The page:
Writing a Striking First Image

No matter what camp of writers you follow or attempt to emulate, all know that the opening scene in a feature film must be attention getting and set the tone for the audience. If it can also introduce the main character, you’re one step ahead, but the second scene is sufficient for an introduction.

Big box office screenwriters prefer to leave the main character’s introduction for a subsequent scene and focus on what some call the First Strike. Some great examples include J. J. Abram’s Star Trek reboot, which opens with an attack from a future century Nero who changes the course of history for Kirk and Spock. Typically in the James Bond franchise, the films open with a special 007 mission with cool effects and explosions that aren’t necessarily related to the story.

In the Girl with the Dragon Tattoo, the opening is of a man who receives a dried flower that causes him such great turmoil, he must do something different to bring an end to his pain. This scene doesn’t qualify as a First Strike, but rather an emotionally charged atmosphere, although some might argue that his misunderstanding of who is sending the dried flowers could be construed as a First Strike. The challenge for the screenwriter was in making the first scene a clear setup for an investigative thriller.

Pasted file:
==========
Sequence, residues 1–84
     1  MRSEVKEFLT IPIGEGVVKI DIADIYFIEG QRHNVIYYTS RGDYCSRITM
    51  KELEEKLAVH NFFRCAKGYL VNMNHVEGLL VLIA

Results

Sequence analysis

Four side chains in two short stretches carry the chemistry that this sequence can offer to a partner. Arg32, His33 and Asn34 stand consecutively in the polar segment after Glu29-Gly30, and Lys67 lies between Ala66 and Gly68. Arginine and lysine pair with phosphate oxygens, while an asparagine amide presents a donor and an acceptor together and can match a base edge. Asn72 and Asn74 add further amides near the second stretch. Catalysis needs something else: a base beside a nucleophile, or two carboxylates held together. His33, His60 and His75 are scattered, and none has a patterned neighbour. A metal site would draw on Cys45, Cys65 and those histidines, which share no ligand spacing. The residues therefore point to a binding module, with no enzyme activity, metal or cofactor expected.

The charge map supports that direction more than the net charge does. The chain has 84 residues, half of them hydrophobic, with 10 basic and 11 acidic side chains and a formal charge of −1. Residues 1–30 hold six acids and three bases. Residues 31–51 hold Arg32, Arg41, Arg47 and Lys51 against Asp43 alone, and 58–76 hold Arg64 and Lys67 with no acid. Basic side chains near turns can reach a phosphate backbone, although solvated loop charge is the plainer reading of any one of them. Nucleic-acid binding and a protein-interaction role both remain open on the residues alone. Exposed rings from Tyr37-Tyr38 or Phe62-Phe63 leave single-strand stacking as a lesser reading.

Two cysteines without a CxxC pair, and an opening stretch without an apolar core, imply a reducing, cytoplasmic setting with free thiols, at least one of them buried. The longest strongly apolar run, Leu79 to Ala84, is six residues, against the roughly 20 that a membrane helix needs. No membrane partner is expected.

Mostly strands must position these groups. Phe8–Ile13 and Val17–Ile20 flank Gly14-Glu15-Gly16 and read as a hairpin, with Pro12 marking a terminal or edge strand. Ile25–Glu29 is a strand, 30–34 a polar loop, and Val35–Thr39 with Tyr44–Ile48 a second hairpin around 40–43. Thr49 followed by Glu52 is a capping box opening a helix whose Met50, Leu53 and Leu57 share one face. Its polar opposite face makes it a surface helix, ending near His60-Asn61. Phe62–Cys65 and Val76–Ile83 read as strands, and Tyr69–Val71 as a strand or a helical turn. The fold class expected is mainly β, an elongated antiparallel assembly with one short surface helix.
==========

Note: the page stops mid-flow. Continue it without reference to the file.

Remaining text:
The screenwriter’s goal is to make sure he raises a question in the first scene that gives the audience a desire to find the answer as they watch the movie. This technique would be dressed in accordance with the story’s theme or genre. The audience expects to be taken to a place they’ve never been before, or experience something they haven’t seen.

If the main character is introduced in the scene, the audience expects to learn something special about the hero or what his typical day looks like. They desire to experience something with him that is either humorous, touching or formulated as a crisis – A shared emotion.

These techniques are designed to hook the audience into watching the entire movie and without it, the audience won’t suspend disbelief and enter the screenwriter’s world. It’s therefore important that the screenwriter touches on all the senses by addressing the following elements:

1. Location
2. Time
3. Mood
4. Tone
5. Style
6. Intent
7. Atmosphere

These important elements, coupled with raising the key universal question that drives the audience to seek the answer, will entertain and hook the audience long enough for the screenwriter to get through the needed backstory. It will also give the audience the confidence that they are watching a film worth their time.

Copyright © 2012 By CJ Powers
Photo © GIS – Fotolia.com
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